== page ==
Solana disputes CertiK audit findings on Saga phone security, deeming the report "inaccurate."

CertiK alleges a critical "bootloader vulnerability" in Solana's Saga smartphone, while Solana Labs disputes the claims, deeming them entirely inaccurate.

Solana disputes CertiK audit findings on Saga phone security, deeming the report "inaccurate."

A recent video from blockchain security firm CertiK has sparked controversy by making claims about a potential security vulnerability in Solana's Saga phone. CertiK asserted that the Saga phone contained a "critical vulnerability" related to a "bootloader unlock" attack, suggesting that this could enable a malicious actor with physical access to the phone to install custom firmware containing a root backdoor. According to CertiK's report, such an attack could compromise sensitive data stored on the phone, including cryptocurrency private keys. However, Solana Labs, the creator of the Saga phone, has vehemently refuted CertiK's claims, stating that the video did not reveal any actual threat to the security of the Saga device.

Solana Labs emphasized that CertiK's assertions are inaccurate and clarified that the unlocking of the bootloader, a prerequisite for installing custom firmware, involves multiple steps and can only be done after unlocking the device with the user's passcode or fingerprint. The company highlighted that unlocking the bootloader initiates a device wipe, a process that users are informed about repeatedly to ensure active participation and awareness. Solana Labs argued that CertiK's claims do not demonstrate any known vulnerability or security threat to Saga holders and asserted the robust security measures in place to protect users' data and private keys.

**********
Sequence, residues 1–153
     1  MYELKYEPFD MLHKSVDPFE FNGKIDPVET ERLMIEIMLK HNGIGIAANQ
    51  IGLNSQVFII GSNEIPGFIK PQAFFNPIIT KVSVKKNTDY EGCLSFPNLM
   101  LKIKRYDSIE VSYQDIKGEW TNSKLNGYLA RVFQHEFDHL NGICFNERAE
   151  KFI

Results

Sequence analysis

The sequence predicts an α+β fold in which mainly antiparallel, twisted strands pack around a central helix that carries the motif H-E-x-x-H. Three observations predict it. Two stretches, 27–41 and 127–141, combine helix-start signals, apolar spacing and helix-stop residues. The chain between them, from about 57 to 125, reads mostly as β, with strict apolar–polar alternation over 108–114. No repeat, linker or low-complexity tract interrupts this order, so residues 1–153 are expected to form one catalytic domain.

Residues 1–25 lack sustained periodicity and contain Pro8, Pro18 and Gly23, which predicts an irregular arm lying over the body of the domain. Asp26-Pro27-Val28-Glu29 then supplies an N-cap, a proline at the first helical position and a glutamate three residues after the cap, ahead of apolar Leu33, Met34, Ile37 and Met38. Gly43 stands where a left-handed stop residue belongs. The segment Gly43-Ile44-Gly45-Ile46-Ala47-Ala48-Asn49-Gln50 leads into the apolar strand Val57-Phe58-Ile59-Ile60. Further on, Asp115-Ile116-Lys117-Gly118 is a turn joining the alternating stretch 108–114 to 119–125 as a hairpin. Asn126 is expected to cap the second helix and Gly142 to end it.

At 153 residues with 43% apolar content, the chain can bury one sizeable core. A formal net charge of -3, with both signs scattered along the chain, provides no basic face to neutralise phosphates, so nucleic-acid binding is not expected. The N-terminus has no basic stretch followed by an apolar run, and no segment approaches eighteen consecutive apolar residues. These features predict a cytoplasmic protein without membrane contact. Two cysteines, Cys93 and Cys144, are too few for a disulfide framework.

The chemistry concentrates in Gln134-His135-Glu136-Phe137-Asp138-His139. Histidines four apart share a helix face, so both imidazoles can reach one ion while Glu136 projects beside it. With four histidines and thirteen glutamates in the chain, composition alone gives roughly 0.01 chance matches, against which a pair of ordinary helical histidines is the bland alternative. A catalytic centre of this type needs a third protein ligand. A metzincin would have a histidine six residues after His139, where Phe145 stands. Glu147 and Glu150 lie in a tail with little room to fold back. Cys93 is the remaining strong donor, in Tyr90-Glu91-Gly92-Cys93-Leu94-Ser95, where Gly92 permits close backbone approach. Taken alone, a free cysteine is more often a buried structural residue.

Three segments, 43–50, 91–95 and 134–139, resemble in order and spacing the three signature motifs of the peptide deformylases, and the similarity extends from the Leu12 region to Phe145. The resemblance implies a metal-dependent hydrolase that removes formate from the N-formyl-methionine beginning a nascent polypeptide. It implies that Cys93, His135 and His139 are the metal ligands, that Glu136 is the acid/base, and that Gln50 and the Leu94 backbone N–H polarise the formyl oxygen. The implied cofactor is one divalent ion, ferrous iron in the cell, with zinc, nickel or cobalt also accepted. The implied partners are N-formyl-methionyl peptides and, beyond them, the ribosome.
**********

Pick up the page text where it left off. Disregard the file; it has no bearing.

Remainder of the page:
The Saga phone, released by Solana in April 2022, was designed to offer a Web3-native decentralized application store, integrating cryptocurrency apps into the device's hardware. However, sales reportedly declined steeply, leading Solana to reduce the phone's price from $1,099 to $599 four months after its launch. The controversy between CertiK and Solana Labs adds another layer of scrutiny to the security of blockchain-based smartphones and the potential vulnerabilities associated with them.

In response to CertiK's claims, Solana Labs emphasized that users are subjected to various warnings about the implications of unlocking the bootloader on an Android device. If users proceed despite these warnings, the device is wiped, along with any private keys. Solana Labs defended the security of the Saga phone and questioned the legitimacy of CertiK's assertions, emphasizing the importance of accurate and responsible reporting in the blockchain security space. CertiK has not issued an immediate response to Solana Labs' rebuttal.